One embodiment of the method for operating an ion mobility spectrometer includes providing the bulk inert gas as N2, where the trace impurity of interest is O2, and the reagent gas is Ar. Another embodiment includes providing the bulk inert gas as O2, where the trace impurity of interest as H2O, and the reagent gas is Ar and H2.
Alternatively, rather than applying the reagent gas to the bulk gas stream, the reagent gas may be supplied as the drift gas in the ion mobility spectrometer.
FIG. 1 is a simplified front view of an analyzer cell for an ion mobility spectrometer in accordance with one preferred embodiment of the present invention.
FIG. 2 is a graph of the mobility spectrum for the analysis of N2 containing trace O2 and H2O using purified N2 as a drift gas, that does not use the process of the present invention.
FIG. 3 is a graph of the mobility spectrum for the analysis of purified nitrogen using Ar as a drift gas obtained in accordance with the process of the present invention.
FIG. 4 is a graph of the mobility spectrum for the analysis of purified nitrogen with 0.26 parts per billion of added O2 using Ar as a drift gas, in accordance with the process of the present invention.
The present invention facilitates the separation of the mobility peaks generated by a ion mobility spectrometer due to interfering ions from the mobility peak due to the trace impurity of interest so that the trace impurity of interest can be determined unambiguously. This objective can be accomplished in two ways in accordance with the present invention. One embodiment is to add a reagent gas to the bulk inert gas which can form clusters with the interfering ions. The second embodiment is to select a drift gas that is different from the bulk inert gas being tested which can form clusters with the interfering ions.
In the first embodiment, the invention consists of adding a reagent gas to the ionization source of the ion mobility spectrometer to avoid the interference problems. The reagent gas can be chosen to tackle a specific interference problem, e.g., for the case of analyzing for trace O2 in bulk N2, the mobility peak of the nitrogen cluster ions overlap with the peak for the oxygen molecular ion. By the addition of up to a few percent Ar, the nitrogen cluster ions are quenched and an argon nitrogen cluster ion is formed. The mobility of this peak is different than the mobility of the molecular ion of oxygen and these two mobility peaks do not overlap.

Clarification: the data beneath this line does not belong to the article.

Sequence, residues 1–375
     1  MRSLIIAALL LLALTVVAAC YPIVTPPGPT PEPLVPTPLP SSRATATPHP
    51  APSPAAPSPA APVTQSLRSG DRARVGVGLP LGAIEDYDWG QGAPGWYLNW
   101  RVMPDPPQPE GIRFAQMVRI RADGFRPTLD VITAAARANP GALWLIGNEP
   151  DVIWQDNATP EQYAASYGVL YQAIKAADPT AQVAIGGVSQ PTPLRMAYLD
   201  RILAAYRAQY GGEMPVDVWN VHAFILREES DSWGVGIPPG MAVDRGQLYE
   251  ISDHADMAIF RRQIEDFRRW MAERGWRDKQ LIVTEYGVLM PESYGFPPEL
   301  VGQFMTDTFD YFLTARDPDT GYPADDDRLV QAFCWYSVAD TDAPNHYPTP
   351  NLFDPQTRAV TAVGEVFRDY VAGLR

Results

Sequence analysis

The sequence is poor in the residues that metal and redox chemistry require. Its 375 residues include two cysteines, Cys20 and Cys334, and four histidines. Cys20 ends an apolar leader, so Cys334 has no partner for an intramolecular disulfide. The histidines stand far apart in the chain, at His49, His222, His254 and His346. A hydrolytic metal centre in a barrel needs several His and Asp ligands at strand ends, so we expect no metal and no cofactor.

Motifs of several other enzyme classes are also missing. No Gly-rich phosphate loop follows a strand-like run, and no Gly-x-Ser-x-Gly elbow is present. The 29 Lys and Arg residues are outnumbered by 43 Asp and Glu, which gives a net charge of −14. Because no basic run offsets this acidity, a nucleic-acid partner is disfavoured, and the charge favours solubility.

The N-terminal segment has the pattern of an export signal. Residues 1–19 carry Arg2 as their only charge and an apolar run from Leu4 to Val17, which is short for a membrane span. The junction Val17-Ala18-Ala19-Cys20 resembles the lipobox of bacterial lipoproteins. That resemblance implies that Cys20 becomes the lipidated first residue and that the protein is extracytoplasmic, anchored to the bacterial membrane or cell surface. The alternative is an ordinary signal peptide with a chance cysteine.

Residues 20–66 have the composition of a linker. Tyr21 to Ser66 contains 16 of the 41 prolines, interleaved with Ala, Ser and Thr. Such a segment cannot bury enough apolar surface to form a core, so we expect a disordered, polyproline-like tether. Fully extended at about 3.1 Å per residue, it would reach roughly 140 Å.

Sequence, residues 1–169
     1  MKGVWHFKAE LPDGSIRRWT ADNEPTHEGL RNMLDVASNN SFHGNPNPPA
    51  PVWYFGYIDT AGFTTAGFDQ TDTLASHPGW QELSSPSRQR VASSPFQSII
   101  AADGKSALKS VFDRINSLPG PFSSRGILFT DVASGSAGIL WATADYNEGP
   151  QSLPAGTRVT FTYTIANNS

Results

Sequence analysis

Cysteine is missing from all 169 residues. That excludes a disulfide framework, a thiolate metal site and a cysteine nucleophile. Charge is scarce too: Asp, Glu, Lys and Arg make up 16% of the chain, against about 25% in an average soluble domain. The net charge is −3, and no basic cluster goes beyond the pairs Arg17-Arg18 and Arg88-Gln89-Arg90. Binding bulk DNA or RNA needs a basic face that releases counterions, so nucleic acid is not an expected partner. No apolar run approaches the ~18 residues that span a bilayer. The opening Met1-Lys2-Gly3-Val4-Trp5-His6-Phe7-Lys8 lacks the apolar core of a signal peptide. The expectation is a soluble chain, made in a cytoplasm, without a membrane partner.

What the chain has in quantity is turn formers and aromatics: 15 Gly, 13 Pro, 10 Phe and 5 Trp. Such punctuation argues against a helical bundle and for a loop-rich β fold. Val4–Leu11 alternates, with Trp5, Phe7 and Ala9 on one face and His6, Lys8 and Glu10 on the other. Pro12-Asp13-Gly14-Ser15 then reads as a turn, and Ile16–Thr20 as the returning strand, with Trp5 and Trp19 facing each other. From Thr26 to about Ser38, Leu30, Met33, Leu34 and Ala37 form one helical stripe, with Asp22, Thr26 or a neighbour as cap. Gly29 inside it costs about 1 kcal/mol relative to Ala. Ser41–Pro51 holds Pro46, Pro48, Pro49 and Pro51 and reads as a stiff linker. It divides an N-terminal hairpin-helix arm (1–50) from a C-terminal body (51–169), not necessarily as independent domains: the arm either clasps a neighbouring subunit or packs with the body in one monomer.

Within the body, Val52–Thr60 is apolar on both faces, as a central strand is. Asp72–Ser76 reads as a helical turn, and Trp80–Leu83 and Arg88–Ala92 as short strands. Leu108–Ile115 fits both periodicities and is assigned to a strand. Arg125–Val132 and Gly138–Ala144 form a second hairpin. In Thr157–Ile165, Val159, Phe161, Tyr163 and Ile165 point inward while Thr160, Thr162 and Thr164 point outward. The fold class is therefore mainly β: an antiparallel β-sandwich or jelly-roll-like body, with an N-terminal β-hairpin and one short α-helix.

Alternatively, in the second embodiment of the present invention, instead of using a reagent gas in the ionization region, a different drift gas can be used. Since mobilities depend upon the drift gas, the interfering mobility peaks can be separated if one uses a different drift gas.
Referring now to the drawings, there is shown in FIG. 1, a schematic of an analyzer cell 10 for an ion mobility spectrometer for use in accordance with one preferred embodiment of the process of the present invention. The analyzer cell 10 of the present invention preferably comprises a housing 12 having sample gas inlet port 14 to allow a sample gas to enter the cell 10, a drift gas inlet port 16 to allow the drift gas to enter the cell 10, and a vent port 18 for allowing the sample gas and drift gas to exit the analyzer cell 10. Internal to the analyzer cell 10, there is preferably a current detector, preferably in the form of collector plate 20 and an ionization source which preferably is a foil β emitter 22. The foil β emitter 22 generates ions from the sample gas.